Often it pays to pivot and start over
When Quibi announced he was closing his doors recently after raising $ 1.75 billion, this raised an obvious question: if the original idea didn’t work, why not adjust her model or do something completely different while she still had capital? It wouldn’t have been the first company to change gears. Perhaps due to the unusually large amount of money he spent in just six months of public operation, the Pivot wasn’t an option for Quibi, but it was for countless other companies. prosperous over the years. Sometimes an original idea just doesn’t work, a market gets too crowded, or the founders of a business stumble upon something they’ve built that is actually a better business than the original idea.
There are many examples:
These examples – and many more – show that when your first approach doesn’t work, pivoting may be the only logical solution, but it takes courage from founders and patience from investors.
We spoke to several Founders and VCs who have been through this to find out how Pivots occur and how all parties involved are adjusting to changing priorities.
Sometimes it’s a long winding road
A big part of building a business is having a vision. You have to believe in your idea of course, but that doesn’t mean it’s the right way to go. Sometimes it pays to move on. The King of Pivots may be the aptly named Pivot, which changed management several times and even changed ownership before going public and being acquired, all in the span of about 20 years. Ed Sim, co-founder of boldstart ventures, was part of Dawntreader Ventures in the late ’90s when his company invested in an early version of the company called Metapa. Sim was at the forefront of every twist in the company’s long and complex history.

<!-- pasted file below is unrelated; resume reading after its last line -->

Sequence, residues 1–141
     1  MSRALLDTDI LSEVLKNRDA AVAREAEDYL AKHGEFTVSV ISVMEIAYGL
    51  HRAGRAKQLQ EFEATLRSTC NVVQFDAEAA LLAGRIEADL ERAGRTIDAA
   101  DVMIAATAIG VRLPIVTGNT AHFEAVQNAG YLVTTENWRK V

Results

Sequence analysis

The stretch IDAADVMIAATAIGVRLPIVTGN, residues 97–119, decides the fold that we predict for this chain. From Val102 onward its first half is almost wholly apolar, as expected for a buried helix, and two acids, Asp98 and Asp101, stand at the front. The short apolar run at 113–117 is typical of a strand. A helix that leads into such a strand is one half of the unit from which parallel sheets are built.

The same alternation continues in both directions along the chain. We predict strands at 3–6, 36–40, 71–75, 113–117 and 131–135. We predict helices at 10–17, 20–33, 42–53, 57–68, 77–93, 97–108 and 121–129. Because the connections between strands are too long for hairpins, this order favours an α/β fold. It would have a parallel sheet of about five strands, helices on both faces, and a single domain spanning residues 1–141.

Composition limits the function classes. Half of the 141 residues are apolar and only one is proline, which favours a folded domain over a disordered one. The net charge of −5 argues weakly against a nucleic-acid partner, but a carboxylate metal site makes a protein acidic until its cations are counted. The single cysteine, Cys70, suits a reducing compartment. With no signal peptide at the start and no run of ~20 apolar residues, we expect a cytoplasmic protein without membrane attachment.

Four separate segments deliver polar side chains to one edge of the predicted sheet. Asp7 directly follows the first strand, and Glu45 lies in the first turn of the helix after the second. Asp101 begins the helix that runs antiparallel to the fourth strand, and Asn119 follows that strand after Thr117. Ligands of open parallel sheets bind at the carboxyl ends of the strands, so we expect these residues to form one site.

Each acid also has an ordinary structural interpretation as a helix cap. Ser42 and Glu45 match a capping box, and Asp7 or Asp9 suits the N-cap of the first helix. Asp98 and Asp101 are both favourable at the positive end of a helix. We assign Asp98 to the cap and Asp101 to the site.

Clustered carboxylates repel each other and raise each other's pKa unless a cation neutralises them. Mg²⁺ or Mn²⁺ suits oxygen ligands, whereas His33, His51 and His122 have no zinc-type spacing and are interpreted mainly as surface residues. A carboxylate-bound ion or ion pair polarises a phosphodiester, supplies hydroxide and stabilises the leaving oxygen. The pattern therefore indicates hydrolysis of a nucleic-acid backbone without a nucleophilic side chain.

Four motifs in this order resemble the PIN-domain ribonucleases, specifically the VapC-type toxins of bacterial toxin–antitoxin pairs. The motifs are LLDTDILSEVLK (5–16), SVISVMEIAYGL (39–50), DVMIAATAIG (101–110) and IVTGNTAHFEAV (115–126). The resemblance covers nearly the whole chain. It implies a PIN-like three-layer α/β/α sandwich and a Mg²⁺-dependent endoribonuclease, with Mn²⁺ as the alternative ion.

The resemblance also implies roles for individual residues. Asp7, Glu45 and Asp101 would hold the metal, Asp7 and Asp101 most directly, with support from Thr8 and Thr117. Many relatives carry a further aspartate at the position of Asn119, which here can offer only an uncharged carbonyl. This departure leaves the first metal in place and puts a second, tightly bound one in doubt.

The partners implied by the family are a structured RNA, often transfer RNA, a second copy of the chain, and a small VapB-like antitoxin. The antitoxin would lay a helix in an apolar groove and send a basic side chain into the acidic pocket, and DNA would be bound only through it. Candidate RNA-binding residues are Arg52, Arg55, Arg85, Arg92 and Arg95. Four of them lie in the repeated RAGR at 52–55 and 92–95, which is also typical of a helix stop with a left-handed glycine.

“Green plum, that was sold to EMC and eventually became Pivotal Software, originally called Metapa. Metapa was in the Akamai space and as markets collapsed in 2001 to fund infrastructure projects, Scott Yara (the company’s founder) and his team bought a small business called Didera and transformed it. in Greenplum, the first petabyte-scale data warehouse built on -source technology, ”Sim told TechCrunch. It didn’t end there though, as Sim continued, “Again, years later Scott enlisted his replacement CEO Bill Cook and they teamed up to sell Greenplum to EMC and ultimately pull out and take over the business. public as hub software.“
It should be noted that Pivotal eventually ran into financial problems when his stock collapsed last year, but another member of the Dell / EMC family, VMware, saved the day by buying it for $ 2.7 billion.
Sometimes you stumble upon an idea
Segment, the customer data platform company that was recently sold to Twilio for $ 3.2 billion was originally an academic conference sentiment platform, according to CEO and co-founder Peter Reinhardt. “Our first idea was a classroom tool, ClassMetric, that gave students a button they could press in class to let teachers know, in real time, that they were confused. I like to think of it as a pulse monitor for class confusion, ”Reinhardt told TechCrunch.
This idea quickly fell through when the professors who tested it found that asking students to open their laptops to test their feeling had simply caused them to start playing Solitaire or checking out Facebook. The teachers weren’t thrilled and moved on. The founders, who were students of MIT at the time, decided they wanted to create an analytics tool instead, but it turned out that the competition from Google Analytics and Mixpanel at the time turned out to be. too strong.
“We spent a year developing, but it was a crowded market and we struggled to carve out our own niche. We were quickly running out of capital and the pressure was on to find something new, ”he said. In fact, they were just planning to integrate it, but they had developed a small open source tool called analytics.js, which they were using to integrate data into their failed analytics product. At this point, desperate for an idea, one of the founders suggested posting the open source tool to Hacker News.